You often hear school loans being referred to as “acceptable debt”…… meaning it’s so ridiculously common that pretty much everyone has it. It’s also considered socially acceptable debt in comparison to other means of debt – such as credit card debt.
Well, let me tell you something. I am $20,000 deep in student loans. Want to know what I have to show for it? A framed piece of paper. If I was in credit card debt instead, I’d have a lot of cooler things to show for it. Like a couple pairs of red bottom shoes, or a canoe. Yes, I want both of those things.
Keep in mind that I am $20,000 in debt for a loan I took out 11 years ago. Read that again. I owe more now, 11 years later, than I did when I first took my loan out. Why, you ask? INTEREST.
There’s a reason you hear the joke about people becoming strippers to pay for college.
Now, truth be told, I got offered a scholarship at the college near my home town, but I turned it down. Most people that go to college there, never leave. I wanted to get the hell outta dodge the second I had the chance. It wasn’t worth the free school to stay, or so I thought.
When I did decide to go to school, I did not qualify for any state assistance or available scholarships. I wasn’t in a position to have mommy and daddy pay for my college. Those of you that have this luxury, be eternally grateful. I was in the lovely tax bracket of not being able to afford things on my own, but making “too much” to get assistance. So, I took out a loan.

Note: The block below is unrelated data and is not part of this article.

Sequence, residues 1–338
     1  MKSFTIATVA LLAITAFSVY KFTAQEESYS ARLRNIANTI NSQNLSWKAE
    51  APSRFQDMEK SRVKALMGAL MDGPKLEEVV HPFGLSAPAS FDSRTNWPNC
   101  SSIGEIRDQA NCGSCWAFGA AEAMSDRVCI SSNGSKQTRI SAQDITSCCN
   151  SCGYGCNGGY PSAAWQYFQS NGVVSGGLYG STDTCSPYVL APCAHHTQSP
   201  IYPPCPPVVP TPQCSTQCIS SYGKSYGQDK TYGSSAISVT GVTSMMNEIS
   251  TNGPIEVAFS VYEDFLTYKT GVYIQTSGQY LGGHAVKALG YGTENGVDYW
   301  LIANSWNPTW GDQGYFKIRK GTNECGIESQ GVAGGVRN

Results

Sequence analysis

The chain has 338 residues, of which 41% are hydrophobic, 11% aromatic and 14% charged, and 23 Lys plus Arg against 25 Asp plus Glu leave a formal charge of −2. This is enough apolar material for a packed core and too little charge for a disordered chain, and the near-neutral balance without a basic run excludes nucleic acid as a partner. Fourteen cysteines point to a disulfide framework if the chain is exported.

No big deal, right?
Great news: They work with you
The department of education is one of the easiest debt collectors when it comes to them working with you. Meaning, you can simply call and say “Hey I can’t make my payment this month.” Or “Hey, due to economic hardship I’d like to put my loan in deferment for a year” and they’ll do it. Sounds great, right?
Negative ghost rider.
but there’s a catch
Anytime you put your loan in deferment or skip payments, interest accrues. As in capitalizing your interest. They do tell you this, but you don’t really think that through. Instead, you think, “Cool, no payment for a year! Sign me up!”